The deadly history of Ebola outbreaks
The current Ebola outbreak in West Africa has rapidly grown into the largest and deadliest in history, claiming more than 960 lives so far in Guinea, Sierra Leone, Liberia and Nigeria. The death toll is already more than three times higher than any previous Ebola outbreak. Experts say a number of factors have contributed to making this outbreak so much worse than those that came before.
Ebola had never been seen in this region of Africa before, so the first cases were not immediately recognized, and inadequate local health facilities did not have the necessary protective equipment and containment procedures in place. Aid workers say many residents distrust the medical system and avoid going to hospitals, instead staying home and infecting those around them.
"Large hemorrhagic fever virus outbreaks almost [invariably] occur in areas in which the economy and public health system have been decimated from years of civil conflict or failed development," write Daniel G. Bausch and Lara Schwarz in an article published in the journal PLOS Neglected Tropical Diseases. Bausch says he observed those conditions first-hand during ten years of research in Guinea.
In addition, the population in the region is increasingly mobile, making the spread of disease from one village or country to another faster and easier than ever.
Health officials are still trying to determine how the current outbreak got started. The New York Times reported Sunday that the first patient may have been a two-year-old boy who got sick and died in Guinea in December 2013. His mother, sister and grandmother reportedly died soon after, infecting others in the process.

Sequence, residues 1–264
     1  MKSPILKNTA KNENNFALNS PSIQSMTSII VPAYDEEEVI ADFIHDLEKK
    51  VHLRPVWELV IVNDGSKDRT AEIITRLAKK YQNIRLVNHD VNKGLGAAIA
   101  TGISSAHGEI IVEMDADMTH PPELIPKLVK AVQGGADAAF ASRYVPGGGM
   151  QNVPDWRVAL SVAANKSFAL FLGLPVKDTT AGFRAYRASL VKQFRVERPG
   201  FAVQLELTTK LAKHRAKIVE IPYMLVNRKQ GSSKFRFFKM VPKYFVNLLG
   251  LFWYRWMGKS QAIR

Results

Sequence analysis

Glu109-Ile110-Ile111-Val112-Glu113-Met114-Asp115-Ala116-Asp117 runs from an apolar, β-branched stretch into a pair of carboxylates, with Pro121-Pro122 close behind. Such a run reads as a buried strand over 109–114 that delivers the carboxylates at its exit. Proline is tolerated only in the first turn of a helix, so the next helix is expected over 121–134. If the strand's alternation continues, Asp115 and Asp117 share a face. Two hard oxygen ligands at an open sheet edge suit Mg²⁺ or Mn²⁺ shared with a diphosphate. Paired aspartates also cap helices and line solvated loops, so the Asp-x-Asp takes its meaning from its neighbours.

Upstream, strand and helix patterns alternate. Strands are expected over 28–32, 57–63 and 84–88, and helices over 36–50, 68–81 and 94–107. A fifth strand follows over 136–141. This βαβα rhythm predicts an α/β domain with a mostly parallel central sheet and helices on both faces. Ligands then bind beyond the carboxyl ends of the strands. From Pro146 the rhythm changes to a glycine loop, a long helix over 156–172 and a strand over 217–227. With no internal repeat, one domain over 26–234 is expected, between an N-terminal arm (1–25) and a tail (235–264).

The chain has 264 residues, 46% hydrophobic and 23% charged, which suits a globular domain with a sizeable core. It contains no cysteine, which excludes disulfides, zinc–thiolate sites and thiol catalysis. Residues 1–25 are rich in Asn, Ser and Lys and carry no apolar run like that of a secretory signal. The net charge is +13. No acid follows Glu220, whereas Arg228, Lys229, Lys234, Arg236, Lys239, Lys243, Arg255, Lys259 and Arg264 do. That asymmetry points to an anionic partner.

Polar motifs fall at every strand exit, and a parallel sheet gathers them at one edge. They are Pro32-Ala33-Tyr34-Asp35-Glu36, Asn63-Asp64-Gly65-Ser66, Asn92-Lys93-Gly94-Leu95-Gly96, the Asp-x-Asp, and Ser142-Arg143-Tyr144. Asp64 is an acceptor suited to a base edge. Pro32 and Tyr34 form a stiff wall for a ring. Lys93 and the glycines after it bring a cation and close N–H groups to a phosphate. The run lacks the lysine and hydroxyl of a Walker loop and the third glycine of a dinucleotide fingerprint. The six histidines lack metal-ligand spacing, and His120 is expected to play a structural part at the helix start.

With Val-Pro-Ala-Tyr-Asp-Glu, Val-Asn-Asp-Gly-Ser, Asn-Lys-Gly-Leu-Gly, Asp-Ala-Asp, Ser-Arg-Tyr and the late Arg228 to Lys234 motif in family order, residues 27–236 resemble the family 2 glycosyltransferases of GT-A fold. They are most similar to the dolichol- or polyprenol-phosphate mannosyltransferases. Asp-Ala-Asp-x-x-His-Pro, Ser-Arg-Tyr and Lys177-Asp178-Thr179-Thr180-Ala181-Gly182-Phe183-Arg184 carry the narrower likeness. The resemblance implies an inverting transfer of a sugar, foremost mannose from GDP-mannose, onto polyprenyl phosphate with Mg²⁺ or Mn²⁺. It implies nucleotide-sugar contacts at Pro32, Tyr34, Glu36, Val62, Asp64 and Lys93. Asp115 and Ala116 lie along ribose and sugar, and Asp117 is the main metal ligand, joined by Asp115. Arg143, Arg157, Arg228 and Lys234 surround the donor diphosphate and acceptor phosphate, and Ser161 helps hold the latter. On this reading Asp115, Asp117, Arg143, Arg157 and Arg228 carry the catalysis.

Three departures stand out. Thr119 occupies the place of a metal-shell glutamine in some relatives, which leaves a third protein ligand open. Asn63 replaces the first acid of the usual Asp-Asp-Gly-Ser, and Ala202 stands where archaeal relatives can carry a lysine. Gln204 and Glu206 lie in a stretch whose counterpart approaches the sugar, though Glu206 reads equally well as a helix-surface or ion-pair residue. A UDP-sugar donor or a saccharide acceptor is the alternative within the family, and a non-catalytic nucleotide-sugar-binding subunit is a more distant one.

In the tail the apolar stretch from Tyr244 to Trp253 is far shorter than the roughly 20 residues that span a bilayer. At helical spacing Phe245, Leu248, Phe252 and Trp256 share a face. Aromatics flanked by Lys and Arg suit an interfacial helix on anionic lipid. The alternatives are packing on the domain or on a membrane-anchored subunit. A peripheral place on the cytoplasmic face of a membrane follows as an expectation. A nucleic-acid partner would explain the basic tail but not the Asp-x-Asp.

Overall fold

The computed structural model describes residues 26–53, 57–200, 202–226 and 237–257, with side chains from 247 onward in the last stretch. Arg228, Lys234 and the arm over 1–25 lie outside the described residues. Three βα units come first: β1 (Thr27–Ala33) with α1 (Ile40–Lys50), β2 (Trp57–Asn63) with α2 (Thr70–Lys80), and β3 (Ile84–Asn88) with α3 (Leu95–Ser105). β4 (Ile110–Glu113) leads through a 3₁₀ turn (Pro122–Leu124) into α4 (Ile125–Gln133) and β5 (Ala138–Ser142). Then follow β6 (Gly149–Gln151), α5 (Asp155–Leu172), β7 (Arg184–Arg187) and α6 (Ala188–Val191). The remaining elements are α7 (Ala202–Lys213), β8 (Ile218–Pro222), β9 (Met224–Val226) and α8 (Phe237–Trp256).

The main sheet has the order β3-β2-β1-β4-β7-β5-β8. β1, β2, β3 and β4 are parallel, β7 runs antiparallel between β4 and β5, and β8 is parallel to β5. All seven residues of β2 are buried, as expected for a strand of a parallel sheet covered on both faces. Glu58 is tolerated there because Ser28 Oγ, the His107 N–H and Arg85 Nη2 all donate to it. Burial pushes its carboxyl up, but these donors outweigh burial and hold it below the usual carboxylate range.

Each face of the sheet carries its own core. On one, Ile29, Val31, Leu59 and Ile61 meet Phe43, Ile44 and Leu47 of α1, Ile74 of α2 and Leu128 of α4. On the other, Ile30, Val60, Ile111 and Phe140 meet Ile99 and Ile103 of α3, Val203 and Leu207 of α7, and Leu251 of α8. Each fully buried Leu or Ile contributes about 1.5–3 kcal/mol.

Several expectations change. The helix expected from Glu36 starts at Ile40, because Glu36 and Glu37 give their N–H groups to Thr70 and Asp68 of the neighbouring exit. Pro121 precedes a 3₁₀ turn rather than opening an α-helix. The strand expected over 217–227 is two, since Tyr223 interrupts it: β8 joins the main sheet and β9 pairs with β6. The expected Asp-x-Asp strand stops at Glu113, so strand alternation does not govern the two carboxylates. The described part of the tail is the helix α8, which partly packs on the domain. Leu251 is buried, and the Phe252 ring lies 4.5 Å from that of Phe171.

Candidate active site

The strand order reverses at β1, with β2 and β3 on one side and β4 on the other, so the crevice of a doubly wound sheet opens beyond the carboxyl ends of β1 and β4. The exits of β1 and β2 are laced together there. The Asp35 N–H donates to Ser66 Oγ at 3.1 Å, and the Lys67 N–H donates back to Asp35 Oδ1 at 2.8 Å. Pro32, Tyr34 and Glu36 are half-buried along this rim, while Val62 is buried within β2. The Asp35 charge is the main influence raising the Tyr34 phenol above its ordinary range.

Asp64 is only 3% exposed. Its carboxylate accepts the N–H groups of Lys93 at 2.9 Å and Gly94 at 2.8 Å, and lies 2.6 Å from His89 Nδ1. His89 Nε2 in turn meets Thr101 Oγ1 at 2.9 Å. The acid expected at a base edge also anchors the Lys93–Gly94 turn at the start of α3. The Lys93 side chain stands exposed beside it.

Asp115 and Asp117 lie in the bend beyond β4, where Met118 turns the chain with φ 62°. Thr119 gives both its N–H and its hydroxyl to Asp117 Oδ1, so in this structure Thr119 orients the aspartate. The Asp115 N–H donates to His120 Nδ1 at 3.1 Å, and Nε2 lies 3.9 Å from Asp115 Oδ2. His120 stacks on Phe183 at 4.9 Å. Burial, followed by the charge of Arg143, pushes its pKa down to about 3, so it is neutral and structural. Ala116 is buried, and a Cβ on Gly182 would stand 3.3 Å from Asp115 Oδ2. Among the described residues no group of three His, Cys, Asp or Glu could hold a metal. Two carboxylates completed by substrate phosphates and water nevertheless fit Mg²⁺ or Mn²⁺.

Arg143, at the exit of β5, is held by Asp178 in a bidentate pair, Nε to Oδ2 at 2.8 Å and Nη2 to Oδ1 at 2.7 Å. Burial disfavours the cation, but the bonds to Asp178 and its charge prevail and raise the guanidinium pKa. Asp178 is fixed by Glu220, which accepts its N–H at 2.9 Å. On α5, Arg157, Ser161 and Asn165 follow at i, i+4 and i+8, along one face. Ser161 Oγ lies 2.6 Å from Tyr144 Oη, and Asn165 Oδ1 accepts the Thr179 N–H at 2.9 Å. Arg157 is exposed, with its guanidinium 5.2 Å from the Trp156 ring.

It is unclear how the child might have caught it. The Ebola virus is harbored in fruit bats and can infect humans who come in contact with them in the wild. Bats can also infect monkeys and other animals, which then transmit the disease to humans who hunt them for bush meat. From there, the disease spreads from person to person through contact with bodily fluids, often infecting multiple family members as they care for those who are sick.
Since the Ebola virus was first identified almost 40 years ago, the World Health Organization reports 24 previous outbreaks of Ebola and its subtypes.
The first reported outbreaks occurred in 1976. In the central African nation then known as Zaire, now the Democratic Republic of the Congo, 318 people got sick, and 280 of them -- 88 percent -- died. The outbreak originated in a small village called Yambuku, near the Ebola River for which the virus is named.
The then-mysterious illness raged from one person to another in the remote area, spread through contact with patients' bodily fluids. The disease was further spread via contaminated needles and syringes in the local hospital. It was finally controlled through village quarantines and improved medical containment and sterilization practices.
That same year, another outbreak occurred in Sudan, affecting 284 people and killing 53 percent of those who got sick (151 people). The disease spread through close personal contact in hospitals and a number of hospital personnel were infected, according to the CDC.